On the night of May 8th, 1864, the Army of the Potomac and Army of Northern Virginia found themselves once more in a stalemate. Union General Gouverneur Warren’s V Corps and General John Sedgwick’s VI Corps bloodied themselves against the unified forces of Confederate General Richard Anderson, the new commander of the First Corps, and Richard Ewell’s Second Corps upon Laurel Hill just on the edge of Spotsylvania Courthouse. Due to delays, misunderstandings, and botched-up orders, the Union army failed to reach their objective before Confederate forces could amass and take the high ground. Now both armies, exhausted from the marching and fighting in this first week of May, spent another sleepless night building up their earthworks and fortifications along their lines.
The Confederate left flank comprised of Anderson’s corps with Fields stretching from the Po River in the west to the Spindle Farm, and Kershaw’s division picking up at the Brock Road and extending half a mile to meet Ewell’s corps on the right. Divisions under Edward “Alleghany” Johnson and John B Gordon might have saved the day with their timely arrival to repulse John Sedgwick’s assault the previous evening, but what took shape in the night made the Confederate high command nervous. A piece of high ground on the far right flank was too precious to give up, so the troops in Johnson’s division ended up curling around this piece of terrain, creating a problematic formation called a “salient”. In short, it’s a bubble in the line that is vulnerable in two ways. The first, if the line should be fired upon from both side of this protrusion, it will sustain enfilading fire on the other side. And then, if they are firing outward, it won’t be concentrated enough to do much good. General Robert E. Lee discovered this unfortunate formation, but tried to rest easy with Ewell’s assurance that he would hold it. Gordon’s division formed a line at the opening of this bubble, creating an ideal fall-back point if it should be needed. The soldiers and reporters, too, realized their predicament. One newsman from the Boston Evening Transcript wrote, “It was Gettysburg reversed – Lee having the inner circle.” History would come to know it as the Mule Shoe (because that’s what it looked like) or The Bloody Angle, for what would take place there.
The Federals were equally nervous and would suffer constant harassment from the Rebs as they dug their entrenchments. One Pennsylvanian remembered, “If any one got any sleep, it was in very short naps in line on the ground with their guns by their sides, or in their grasp, ready to meet threatened attacks which came almost hourly.” One soldier said, “Peal after peal of thousands of muskets would startle the whole army from a deep and greatly needed sleep. For six days not fifteen minutes had elapsed that we did not hear the rattle, and see the effects of these infernal engines of war.” They did, however, between strengthening their works and catching a few minutes of rest, had time to bury the dead from the fighting the day before.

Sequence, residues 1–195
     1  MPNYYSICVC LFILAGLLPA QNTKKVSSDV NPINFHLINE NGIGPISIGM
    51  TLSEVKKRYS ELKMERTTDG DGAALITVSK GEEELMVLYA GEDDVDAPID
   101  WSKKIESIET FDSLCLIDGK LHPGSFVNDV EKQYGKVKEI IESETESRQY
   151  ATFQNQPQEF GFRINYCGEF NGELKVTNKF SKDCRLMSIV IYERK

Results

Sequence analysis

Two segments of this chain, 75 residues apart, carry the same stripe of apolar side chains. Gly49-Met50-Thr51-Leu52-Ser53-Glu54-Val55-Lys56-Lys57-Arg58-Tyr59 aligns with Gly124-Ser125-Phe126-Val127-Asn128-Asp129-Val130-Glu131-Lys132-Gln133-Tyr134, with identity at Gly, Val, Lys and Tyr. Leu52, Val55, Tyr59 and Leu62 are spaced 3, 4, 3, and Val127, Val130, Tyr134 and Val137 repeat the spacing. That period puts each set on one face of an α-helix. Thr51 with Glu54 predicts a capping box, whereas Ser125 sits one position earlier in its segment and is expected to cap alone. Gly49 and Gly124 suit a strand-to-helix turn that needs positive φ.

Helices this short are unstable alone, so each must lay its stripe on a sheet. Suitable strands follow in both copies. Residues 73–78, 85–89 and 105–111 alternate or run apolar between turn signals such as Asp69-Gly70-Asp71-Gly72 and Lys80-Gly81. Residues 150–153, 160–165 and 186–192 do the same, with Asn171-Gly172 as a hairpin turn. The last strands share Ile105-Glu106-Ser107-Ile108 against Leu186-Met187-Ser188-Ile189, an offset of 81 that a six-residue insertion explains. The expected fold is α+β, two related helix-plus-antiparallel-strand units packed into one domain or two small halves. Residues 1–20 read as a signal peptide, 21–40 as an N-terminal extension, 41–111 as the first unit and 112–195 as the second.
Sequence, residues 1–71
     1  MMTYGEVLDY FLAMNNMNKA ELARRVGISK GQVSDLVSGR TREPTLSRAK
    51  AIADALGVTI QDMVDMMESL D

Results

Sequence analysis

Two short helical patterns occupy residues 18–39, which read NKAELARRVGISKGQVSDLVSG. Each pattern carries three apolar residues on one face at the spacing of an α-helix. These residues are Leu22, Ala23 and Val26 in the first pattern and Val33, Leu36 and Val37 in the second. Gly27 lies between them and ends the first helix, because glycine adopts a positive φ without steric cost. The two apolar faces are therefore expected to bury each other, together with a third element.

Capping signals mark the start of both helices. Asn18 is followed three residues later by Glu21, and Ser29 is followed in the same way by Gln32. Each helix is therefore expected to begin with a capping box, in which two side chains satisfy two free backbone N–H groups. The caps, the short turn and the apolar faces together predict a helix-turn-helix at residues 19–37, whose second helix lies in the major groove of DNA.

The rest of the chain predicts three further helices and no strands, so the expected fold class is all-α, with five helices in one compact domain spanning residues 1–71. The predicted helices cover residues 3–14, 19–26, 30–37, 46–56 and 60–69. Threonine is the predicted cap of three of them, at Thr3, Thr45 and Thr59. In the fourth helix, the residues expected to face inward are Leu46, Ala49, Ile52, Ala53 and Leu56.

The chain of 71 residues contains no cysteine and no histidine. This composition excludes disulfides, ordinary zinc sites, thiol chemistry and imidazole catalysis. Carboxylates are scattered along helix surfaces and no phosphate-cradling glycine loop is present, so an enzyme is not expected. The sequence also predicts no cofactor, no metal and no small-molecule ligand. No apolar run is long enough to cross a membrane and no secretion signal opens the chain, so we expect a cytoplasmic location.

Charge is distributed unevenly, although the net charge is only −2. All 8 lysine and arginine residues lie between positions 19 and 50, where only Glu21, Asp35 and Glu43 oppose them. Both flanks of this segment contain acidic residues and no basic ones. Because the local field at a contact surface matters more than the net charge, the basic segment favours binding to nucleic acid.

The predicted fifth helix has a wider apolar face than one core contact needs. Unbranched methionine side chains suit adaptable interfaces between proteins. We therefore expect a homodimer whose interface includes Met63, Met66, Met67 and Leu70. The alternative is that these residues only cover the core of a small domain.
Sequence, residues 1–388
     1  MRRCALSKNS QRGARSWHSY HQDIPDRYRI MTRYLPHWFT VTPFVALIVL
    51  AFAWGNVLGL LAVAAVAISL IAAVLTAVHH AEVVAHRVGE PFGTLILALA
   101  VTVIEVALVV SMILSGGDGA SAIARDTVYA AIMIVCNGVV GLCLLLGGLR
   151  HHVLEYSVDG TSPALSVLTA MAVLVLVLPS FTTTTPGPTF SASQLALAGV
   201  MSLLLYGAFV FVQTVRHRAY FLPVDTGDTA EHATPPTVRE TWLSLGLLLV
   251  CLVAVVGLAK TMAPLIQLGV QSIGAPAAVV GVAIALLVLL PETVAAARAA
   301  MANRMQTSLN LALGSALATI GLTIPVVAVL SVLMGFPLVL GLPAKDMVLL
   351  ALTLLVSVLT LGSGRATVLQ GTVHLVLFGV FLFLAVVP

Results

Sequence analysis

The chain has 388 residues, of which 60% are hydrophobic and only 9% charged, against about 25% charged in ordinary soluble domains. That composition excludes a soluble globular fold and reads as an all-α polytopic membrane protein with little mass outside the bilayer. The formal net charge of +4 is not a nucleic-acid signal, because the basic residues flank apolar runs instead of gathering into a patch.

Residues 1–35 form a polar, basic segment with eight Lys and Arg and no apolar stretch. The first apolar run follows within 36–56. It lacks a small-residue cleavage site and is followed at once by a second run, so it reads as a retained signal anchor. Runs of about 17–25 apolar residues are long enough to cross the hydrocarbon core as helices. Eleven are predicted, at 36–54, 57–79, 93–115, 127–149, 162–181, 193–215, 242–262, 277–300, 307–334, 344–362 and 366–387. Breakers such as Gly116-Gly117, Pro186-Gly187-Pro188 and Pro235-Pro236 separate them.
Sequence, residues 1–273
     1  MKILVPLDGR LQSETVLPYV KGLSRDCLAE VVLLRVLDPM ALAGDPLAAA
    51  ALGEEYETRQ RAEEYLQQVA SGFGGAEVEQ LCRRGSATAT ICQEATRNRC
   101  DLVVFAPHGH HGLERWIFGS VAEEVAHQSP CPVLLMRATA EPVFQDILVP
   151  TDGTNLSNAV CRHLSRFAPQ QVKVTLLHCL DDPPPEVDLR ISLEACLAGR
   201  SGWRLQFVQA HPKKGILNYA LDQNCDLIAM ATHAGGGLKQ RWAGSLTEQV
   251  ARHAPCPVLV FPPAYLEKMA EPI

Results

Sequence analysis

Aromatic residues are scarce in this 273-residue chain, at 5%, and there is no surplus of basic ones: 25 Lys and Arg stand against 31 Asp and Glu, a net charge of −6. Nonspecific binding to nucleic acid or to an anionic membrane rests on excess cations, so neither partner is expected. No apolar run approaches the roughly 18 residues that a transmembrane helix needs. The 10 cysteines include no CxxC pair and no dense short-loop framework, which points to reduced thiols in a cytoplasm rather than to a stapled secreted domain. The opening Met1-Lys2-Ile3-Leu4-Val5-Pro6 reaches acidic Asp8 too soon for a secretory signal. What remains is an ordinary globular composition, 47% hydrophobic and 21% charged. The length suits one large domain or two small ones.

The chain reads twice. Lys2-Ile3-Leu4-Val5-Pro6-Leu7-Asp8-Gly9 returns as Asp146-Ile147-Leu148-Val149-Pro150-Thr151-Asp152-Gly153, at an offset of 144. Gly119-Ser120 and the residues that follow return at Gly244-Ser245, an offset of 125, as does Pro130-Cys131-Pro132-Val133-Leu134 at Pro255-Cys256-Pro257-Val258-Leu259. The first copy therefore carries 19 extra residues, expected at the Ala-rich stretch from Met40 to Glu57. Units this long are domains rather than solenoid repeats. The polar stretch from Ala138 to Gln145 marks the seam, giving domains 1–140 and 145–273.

The corps under Sedgwick and Warren had failed to push the Confederates from their position, disappointing their commander, Ulysses Grant. Winfield Scott Hancock with his II Corps were still at Todd’s Tavern, watching more graycoats shuffle behind Wade Hampton’s cavalry screen, jittery as all get-out that another attack like the one they received from one of Jubal Early’s detachments. Nothing would come and Grant had other plans for Hancock, as well as Ambrose Burnside and his IX Corps still sitting at Alrich. One frustration from May 8th lay in the confusion in command between Sedgwick and Warren. Meade finally cleared this up with a direct order to Sedgwick that he is to take command of both corps if he was not on the field himself. Warren, the once rising star in the Army of the Potomac after his save at Gettysburg, no longer held the confidence of his superiors. After opposing orders to charge at Mine Run and the Wilderness, and then his inability to bust through at Laurel Hill, it was any wonder he had lasted this long. Sedgwick, forever amiable, countered by giving the missive to Warren that he still had full authority of his own corps.
Sedgwick himself was busy on the morning of May 9th inspecting his lines and moving troops to relieve a tense situation caused by Confederate sharpshooters that had been menacing the Federals. The center of this scene lay at the northern fork around the Spindle Farm where Battery H of the 1st New York Artillery had set up shop. One of Sedgwick’s aides, Martin McMahon had playfully warned him, “General, do you see that section of artillery? Well, you are not to go near it today.” Sedgwick bantered back, “McMahon, I would like to know who commands this corps, you or I?” McMahon replied, “Well, General, sometimes I am in doubt myself.” Turning critical, he added, “Seriously, General, I beg of you not to go to that angle; every officer who has shown himself there has been hit, both yesterday and today.” Sedgwick answered, “Well, I don’t know there is any reason for my going there.” A change in artillery unit did warrant his presence.
Men of Captain William McCartney’s battery moved in to relieve the New York unit. Some troops in front of the guns had shifted to obstruct their line of sight to the enemy. As Sedgwick was giving the orders for them to correct this, the sharpshooters in the woods started up again. Men ducked and dodged, drawing out Sedgwick’s teasing nature. “What are you dodging at?” he asked a sergeant who had laid himself out on the ground. “They can’t hit an elephant at that distance.” He had told the men this once before already. The sergeant replied with, “General, I dodged a shell once and if I hadn’t, it would have taken my head off. I believe in dodging.” Sedgwick laughed and told him, “All right, my man. Go to your place.” Soon after, another bullet whistled through the air and found its target with a dull thud. Sedgwick slowly turned toward his aide, McMahon, and the aide was horrified to see that the bullet had lodged itself behind his general’s left eye. Sedgwick fell into McMahon and they hastily carried him to the rear. Though blood continued to pour through his wound like a fountain, his lips held a persistent smile, frozen in the last few seconds of life.